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Jewish Ukraine: 5 facts about the Jews of Rovno

The Nobel Laureate from Dachau, the protector of the widows and children of New York; the mother of Amos Oz and more

One of the oldest Jewish cities of Ukraine, Rovno, has given the world many famous people with Jewish ancestry. The Jewish history of this city is over 4 centuries old – joyful and tragic, marvelous and ordinary, but without which life is impossible.

1. A city where over half the population is Jewish

The first mention of the Jews of Rovno dates from 1566 – the town was part of the Rzecz Pospolita. In 1801 there were 10 Jewish merchants and 2,137 commoners, but almost 50 years later, in 1847, the Jewish population of the town was already 3,788. By the end of the century it had increased by 3.5 times and came to 13,780 people – more than half the town, 56% of the population.

2. The split personality of Mandelkern

The writer Solomon Mandelkern (1846–1902) was born into a Hasidic family in the village of Mlynov in the Dubensky region, and naturally received a religious education. Mandelkern absorbed knowledge from two sides: he respected traditions and even when he was married he studied at rabbinical academies (in Vilno and Zhitomir), but at the same time he also mastered secular science. He graduated from the oriental languages faculty in Petersburg and the law faculty in Odessa, and also received a doctorate in philosophy.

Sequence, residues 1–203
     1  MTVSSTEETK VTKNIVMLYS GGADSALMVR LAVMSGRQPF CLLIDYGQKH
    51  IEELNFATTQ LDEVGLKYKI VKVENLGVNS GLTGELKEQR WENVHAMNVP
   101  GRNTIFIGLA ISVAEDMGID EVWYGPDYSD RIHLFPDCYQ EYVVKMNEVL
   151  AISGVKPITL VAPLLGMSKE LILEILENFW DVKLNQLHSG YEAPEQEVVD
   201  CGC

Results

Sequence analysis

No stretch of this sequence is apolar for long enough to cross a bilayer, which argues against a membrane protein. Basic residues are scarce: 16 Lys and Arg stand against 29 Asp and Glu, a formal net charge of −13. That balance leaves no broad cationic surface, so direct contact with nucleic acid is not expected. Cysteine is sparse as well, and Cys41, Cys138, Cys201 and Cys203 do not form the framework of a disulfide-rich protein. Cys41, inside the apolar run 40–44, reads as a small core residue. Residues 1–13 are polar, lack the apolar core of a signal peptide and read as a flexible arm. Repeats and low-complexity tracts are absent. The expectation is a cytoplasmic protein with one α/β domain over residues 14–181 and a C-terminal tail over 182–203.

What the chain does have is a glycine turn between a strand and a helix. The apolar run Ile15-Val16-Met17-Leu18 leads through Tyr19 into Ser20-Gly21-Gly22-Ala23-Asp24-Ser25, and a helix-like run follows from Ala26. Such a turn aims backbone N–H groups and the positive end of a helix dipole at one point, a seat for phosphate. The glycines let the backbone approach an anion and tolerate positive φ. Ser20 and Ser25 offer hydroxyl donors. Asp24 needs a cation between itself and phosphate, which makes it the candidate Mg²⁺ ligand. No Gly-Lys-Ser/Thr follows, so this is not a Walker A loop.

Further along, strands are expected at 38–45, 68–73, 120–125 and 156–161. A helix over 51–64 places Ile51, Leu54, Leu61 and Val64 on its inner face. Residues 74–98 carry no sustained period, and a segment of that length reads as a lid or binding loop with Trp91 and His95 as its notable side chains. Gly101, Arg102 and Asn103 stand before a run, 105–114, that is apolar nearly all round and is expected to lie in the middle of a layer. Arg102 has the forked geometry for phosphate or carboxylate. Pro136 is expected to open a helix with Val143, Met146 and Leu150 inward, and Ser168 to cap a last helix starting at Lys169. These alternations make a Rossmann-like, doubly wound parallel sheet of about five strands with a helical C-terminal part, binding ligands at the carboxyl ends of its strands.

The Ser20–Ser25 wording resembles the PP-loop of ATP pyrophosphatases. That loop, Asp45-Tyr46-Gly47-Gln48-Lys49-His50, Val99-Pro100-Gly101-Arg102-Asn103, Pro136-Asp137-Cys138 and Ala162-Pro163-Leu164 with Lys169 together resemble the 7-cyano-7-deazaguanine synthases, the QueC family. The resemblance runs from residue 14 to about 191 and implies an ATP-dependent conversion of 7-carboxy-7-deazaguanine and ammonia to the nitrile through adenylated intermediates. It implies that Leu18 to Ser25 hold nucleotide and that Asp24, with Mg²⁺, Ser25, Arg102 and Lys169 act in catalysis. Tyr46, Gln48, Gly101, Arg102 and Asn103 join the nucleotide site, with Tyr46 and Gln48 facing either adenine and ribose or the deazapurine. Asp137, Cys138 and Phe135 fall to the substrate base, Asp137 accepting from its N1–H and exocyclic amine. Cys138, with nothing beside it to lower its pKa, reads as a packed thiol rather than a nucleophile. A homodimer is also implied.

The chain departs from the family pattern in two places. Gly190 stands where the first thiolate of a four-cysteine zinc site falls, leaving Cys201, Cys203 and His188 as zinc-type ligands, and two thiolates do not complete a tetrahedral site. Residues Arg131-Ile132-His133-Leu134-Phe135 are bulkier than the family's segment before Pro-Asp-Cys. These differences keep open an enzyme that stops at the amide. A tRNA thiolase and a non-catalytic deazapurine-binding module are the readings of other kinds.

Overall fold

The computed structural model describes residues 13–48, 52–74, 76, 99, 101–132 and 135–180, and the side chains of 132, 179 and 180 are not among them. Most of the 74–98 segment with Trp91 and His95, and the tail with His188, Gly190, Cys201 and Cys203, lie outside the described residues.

The main work of Mandelkern’s life was the Jewish-Armenian concordance “Hechel ha-Kodesch”, This work, which was well-received by both Jewish and Christian scholars, proved destructive for Mandelkern himself.

After writing the book he spent some time in a psychiatric hospital, and died at the age of 46. The Jewish encyclopedia of Brockhaus and Efron states that “he had a split personality. While he displayed incredible energy and self-sacrificing diligence in scholarly research, in his life he showed a complete lack of character and personality.”